Many neurological disorders tend to manifest many years after birth, although the inherent cause in many cases, such as the mutant polyQ protein in HD, is already present in the germline. Here we aimed to understand to what extent HD, and possibly other neurological disorders, is a result of an accumulative deterministic process or caused by increased imbalance at the transcriptional level.

The commonly accepted model is the accumulative deterministic model. The mutant proteins, or other types of damage, gradually accumulate in the cells where they induce toxic effects leading to cell death [47]. The deterministic model predicts that as time goes by, differences between the WT and mutant cells accumulate, and these can be easily detected when averaging over cell populations. Supporting this model, most HD models, for example, exhibit many transcriptional changes compared with WT [17, 18, 48].

In our work, we began by analyzing existing scRNA-Seq of AD and HD brains and found increased transcriptional heterogeneity in neurons in general and excitatory neurons in particular in AD, as well as in D1 and D2 MSNs and astrocytes in HD. However, these cells displayed a very wide variation in sequencing depth, and therefore in most cases and most cell types, experimental noise prevented thorough analyses. Here, we took advantage of two juvenile HD iPSCs, containing either 180Q or 72Q, together with their isogenic controls, and generated NPCs via in vitro differentiation. Since polyQ length is negatively correlated with the age of onset, the 180Q cells are expected to manifest greater phenotypes than the 72Q cells, enabling us to directly test our hypothesis. We found that in line with the deterministic model, there were significantly more DE genes in the 180Q system compared to the 72Q system.

By contrast, measurements in HD patients showed that the probability of cell death remains the same during the course of the disease [49]. This is consistent with the stochastic model, which predicts that because the changes between HD and WT are at the stability levels rather than the absolute levels of the phenotype, changes will be noticeable only at the single-cell level. As most experiments compare only cell populations in bulk, it is currently still hard to find more evidence for this model.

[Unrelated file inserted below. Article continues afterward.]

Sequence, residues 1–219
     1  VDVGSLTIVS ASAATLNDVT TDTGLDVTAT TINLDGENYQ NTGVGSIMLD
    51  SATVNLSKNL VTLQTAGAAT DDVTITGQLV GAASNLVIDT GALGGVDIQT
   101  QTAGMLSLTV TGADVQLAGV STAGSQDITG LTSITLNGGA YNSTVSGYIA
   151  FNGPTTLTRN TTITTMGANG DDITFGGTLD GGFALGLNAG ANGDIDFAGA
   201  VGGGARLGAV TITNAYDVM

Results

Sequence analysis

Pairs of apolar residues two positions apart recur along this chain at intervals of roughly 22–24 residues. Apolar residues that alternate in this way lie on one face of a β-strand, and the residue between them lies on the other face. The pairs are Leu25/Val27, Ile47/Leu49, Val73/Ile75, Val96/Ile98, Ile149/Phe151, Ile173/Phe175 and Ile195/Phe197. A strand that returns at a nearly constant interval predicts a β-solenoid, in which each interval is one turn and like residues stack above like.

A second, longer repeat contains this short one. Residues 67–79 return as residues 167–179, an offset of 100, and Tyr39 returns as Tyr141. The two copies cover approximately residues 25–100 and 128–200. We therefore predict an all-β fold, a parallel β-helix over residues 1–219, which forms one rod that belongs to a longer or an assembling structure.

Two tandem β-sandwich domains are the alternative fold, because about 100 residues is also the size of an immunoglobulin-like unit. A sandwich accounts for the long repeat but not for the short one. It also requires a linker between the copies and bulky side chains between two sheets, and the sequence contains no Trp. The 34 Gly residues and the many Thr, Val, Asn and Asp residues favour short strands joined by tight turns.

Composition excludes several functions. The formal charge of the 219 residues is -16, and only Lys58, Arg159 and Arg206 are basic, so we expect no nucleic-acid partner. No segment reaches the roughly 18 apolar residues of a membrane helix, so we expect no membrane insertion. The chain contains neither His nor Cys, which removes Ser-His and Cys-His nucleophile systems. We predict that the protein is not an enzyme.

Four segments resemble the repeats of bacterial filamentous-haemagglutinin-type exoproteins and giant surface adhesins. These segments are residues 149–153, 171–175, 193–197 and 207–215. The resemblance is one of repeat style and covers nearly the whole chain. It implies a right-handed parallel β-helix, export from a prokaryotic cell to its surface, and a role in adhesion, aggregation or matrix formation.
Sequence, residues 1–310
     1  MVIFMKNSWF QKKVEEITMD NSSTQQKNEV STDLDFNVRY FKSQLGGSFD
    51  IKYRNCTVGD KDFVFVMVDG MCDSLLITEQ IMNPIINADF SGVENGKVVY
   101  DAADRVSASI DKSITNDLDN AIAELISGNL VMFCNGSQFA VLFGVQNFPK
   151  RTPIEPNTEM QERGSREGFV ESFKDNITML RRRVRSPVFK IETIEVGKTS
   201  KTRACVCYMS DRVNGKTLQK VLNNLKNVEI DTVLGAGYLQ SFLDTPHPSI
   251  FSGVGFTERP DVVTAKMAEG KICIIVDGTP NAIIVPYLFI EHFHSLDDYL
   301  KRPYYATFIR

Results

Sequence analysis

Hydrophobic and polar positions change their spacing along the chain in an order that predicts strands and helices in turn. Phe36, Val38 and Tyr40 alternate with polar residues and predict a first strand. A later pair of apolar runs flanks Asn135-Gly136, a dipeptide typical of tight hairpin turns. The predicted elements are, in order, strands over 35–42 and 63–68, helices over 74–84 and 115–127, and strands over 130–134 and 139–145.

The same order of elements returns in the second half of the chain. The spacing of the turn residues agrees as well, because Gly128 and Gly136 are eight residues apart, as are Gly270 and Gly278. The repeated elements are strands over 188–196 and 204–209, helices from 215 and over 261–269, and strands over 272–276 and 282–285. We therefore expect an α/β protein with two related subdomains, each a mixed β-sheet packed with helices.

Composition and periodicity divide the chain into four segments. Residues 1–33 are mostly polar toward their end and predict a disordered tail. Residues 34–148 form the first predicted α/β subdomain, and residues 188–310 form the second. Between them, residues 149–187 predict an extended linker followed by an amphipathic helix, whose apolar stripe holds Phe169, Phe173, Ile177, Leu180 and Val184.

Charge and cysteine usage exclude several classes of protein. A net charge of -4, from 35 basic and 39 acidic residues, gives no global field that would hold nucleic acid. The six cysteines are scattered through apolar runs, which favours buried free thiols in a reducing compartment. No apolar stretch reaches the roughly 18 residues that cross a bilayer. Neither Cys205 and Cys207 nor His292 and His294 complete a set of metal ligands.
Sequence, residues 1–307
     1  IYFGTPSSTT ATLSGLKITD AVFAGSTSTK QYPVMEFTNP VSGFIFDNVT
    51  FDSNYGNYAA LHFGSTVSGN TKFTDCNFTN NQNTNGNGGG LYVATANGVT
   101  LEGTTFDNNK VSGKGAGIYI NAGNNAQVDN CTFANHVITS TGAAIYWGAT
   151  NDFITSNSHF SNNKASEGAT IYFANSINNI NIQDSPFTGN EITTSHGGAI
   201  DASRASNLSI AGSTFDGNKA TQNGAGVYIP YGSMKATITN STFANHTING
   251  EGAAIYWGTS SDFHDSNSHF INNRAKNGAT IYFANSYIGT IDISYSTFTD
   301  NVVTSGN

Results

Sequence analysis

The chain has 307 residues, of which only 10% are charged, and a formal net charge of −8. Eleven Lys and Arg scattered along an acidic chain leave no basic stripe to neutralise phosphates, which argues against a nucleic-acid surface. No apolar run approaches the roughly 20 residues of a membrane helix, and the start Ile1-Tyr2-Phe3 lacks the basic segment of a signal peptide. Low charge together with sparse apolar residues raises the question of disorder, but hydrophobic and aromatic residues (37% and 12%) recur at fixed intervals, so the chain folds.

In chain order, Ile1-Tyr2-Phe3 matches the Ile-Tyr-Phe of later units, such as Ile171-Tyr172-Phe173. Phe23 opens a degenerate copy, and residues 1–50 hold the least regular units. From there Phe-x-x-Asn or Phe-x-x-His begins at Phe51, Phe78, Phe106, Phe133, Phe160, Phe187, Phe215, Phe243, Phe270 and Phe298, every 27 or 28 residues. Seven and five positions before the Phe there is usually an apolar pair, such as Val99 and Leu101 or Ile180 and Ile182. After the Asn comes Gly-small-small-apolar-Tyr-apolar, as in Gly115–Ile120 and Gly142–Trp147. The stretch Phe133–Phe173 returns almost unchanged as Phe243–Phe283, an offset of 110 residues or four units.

Our results suggest that the HD and CHD8+/− mutations lead to differences in expression variability of many genes. Although some of these changes might be due to genetic differences between the lines, our use of several different isogenic pairs showing the same direction suggests that this phenomenon is real. The potential cellular mechanisms that could mediate these changes are at the level of mRNA synthesis (i.e., transcription) or at the level of mRNA stability. At the level of mRNA synthesis, these changes can be mediated by changes in the binding of transcription factors (TFs) to regulatory elements of the genes, as well as changes in post-translational histone modifications (HMs). Indeed, previous studies suggested that both types of changes are linked to variability at the mRNA level [40, 50, 51]. As CHD8 is a DNA helicase that acts as a chromatin remodeler, its loss of function could therefore alter the dynamics of mRNA production in many genes and increase the noise levels. In HD, the mutant protein localizes to the nucleus and binds many TFs. We found that several of the proteins that physically interact with HTT are more variable in the mutant cells compared to WT, including HMGA1 and IKBKAP, both of which directly bind chromatin. This suggests the intriguing possibility that the impaired interaction of mHTT with these proteins may result in a global disarray caused by changes in gene expression dynamics of genes that are affected by these proteins and are otherwise robustly expressed in WT cells.